Really? How about doing some reading first sport?

            http://www.anandtech.com/show/10353/...x-48-arm-cores

            That's all you got? Those white elephant Cavium products? Yeah, I've been aware of them -- mostly due to their overhyped marketing -- for a very long time. Not impressed with the performance and the bloated core count numbers don't do much for me either. A Xeon D is still a vastly better processor if you are into the microserver market and a higher end Xeon is still the vastly better processor for high end workloads that these Cavium toys can't even run.

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            • #36
              So I've been thinking about the position AMD is in. Let me do some pure speculation here. If you don't agree simply keep scrolling.

              At least to me it seems pretty obvious Zen is a direct result of the IP license AMD has with Intel. Intel knew years ago that Arm has the potential to compete with Intel's products and they must have known years ago that AMD was getting interested in developing it further. So they decided to gift AMD with a high end x86 architecture, which prompted AMD to contract Jim Keller to sort it out and get it to manufacturability testing. The benefit to Intel is that even if they don't get those sales which AMD gets they are still x86 sales which keeps the platform relevant.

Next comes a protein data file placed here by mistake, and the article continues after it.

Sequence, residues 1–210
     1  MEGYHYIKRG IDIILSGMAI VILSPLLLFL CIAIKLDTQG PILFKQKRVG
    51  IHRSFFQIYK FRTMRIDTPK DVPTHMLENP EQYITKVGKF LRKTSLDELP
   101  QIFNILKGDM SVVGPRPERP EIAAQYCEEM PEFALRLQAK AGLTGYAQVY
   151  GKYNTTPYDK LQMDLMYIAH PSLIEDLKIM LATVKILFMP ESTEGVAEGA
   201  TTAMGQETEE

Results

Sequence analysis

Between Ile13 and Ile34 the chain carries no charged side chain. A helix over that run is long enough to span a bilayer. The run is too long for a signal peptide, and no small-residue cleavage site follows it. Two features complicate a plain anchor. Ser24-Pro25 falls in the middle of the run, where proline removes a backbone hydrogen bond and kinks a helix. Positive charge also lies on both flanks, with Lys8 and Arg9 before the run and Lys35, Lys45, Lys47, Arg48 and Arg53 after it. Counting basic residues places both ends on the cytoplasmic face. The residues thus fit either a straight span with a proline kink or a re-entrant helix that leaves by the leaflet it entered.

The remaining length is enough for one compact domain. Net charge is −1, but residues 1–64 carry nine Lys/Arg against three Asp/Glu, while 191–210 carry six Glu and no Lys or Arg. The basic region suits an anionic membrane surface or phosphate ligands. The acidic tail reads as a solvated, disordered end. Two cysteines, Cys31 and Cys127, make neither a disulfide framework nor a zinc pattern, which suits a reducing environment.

Any sense in this speculation or no?

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              • #37
                Originally posted by Zola View Post
                Well Zen whosent a short turn plan it's actually developed for 5 years now (& that is a uper limit for mid range plan's).
                More like 3 years, and it is a total redesign.
                Short range plan would be
                finishing whatever they begun as changing course now would have wasted the development effort.
                That said, ARM space is a very high-competition low-margin market in the consumer segment you talked about.
                Big companies don't give a shit about lack of support, they want stuff that works decently now and costs a few bucks. Mediatek usually wins here.